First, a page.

Sustaining and Scaling Pedagogic Innovation in Sub-Saharan Africa: Grounded Insights For Teacher Professional Development
Developing sustainable and scalable educational initiatives is a key challenge in low-income countries where donor-funded short-term projects are limited by both contextual factors and programme design. In this concept paper we examine some of the issues related to in-service teacher development in the context of sub-Saharan Africa, grounded predominantly in our experiences of over 5 years of iteratively developing, refining and evaluating an intensive school-based professional learning programme for primary school teachers. “OER4Schools” integrates interactive pedagogy, Open Educational Resources (OER) and use of mobile devices (where available). The focus of this paper is on identifying what the main factors are perceived to be in sustaining and scaling up such a programme, from the perspectives of participating teachers, workshop facilitators and the research team. Synthesising our previous research and drawing on recent work in the field, we identify the key characteristics of effective and sustainable professional learning in low-resourced contexts. Such characteristics include effective peer facilitation, school-based active learning, explicit programme structure, appropriate scheduling and resourcing, and mitigating resource constraints through use of OER. Our conclusions thereby offer insights concerning the importance and impact of wider influences on participation and engagement of stakeholders and lead to recommendations for programme design and implementation, that should be taken on board by future initiatives.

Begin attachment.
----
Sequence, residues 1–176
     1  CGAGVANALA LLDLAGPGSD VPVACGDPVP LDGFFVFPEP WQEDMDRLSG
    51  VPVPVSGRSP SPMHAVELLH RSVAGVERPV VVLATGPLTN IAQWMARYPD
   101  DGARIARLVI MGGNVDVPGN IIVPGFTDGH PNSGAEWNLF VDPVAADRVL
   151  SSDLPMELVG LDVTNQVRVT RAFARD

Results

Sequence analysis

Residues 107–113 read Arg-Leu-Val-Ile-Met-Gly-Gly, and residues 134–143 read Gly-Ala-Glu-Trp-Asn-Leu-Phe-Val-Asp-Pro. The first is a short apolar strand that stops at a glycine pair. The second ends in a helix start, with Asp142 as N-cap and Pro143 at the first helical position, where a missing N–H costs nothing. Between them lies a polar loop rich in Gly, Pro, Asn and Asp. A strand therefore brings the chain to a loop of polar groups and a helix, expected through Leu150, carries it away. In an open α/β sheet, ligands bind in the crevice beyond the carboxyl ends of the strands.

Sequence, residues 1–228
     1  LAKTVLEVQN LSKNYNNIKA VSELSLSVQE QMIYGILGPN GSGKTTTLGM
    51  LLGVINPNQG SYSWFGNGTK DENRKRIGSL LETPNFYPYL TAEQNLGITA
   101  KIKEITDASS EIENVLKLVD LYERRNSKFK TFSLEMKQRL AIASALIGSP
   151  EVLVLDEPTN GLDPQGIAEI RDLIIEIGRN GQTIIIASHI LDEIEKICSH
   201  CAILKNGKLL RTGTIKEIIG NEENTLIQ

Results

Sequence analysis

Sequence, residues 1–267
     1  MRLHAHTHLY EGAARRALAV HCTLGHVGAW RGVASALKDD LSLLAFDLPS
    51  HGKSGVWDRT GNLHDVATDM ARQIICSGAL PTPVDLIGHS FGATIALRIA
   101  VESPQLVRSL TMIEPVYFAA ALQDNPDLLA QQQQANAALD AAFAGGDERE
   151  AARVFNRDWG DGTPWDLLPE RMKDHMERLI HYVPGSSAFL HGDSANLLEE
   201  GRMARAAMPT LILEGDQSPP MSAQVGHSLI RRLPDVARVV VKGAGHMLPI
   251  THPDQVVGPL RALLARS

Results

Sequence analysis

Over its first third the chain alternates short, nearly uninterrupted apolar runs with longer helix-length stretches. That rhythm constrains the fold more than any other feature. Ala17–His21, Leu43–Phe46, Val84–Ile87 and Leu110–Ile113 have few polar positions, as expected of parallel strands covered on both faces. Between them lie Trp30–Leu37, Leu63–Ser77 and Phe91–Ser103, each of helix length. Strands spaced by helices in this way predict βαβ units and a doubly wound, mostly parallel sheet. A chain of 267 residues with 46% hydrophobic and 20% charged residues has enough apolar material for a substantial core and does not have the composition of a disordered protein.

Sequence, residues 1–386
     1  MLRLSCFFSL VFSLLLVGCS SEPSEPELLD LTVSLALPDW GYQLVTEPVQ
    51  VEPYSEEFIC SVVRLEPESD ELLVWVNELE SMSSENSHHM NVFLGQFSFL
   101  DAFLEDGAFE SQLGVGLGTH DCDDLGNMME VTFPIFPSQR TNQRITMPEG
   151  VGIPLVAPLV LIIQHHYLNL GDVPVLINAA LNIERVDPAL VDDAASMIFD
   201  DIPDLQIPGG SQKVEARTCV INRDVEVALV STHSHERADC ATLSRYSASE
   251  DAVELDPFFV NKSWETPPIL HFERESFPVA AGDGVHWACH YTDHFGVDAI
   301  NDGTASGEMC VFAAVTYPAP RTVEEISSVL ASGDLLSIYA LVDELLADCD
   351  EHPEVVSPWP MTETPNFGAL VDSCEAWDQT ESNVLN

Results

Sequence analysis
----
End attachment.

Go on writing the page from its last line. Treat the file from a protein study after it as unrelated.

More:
This is the final version of the article. It first appeared from Commonwealth of Learning via http://jl4d.org/index.php/ejl4d/article/view/264.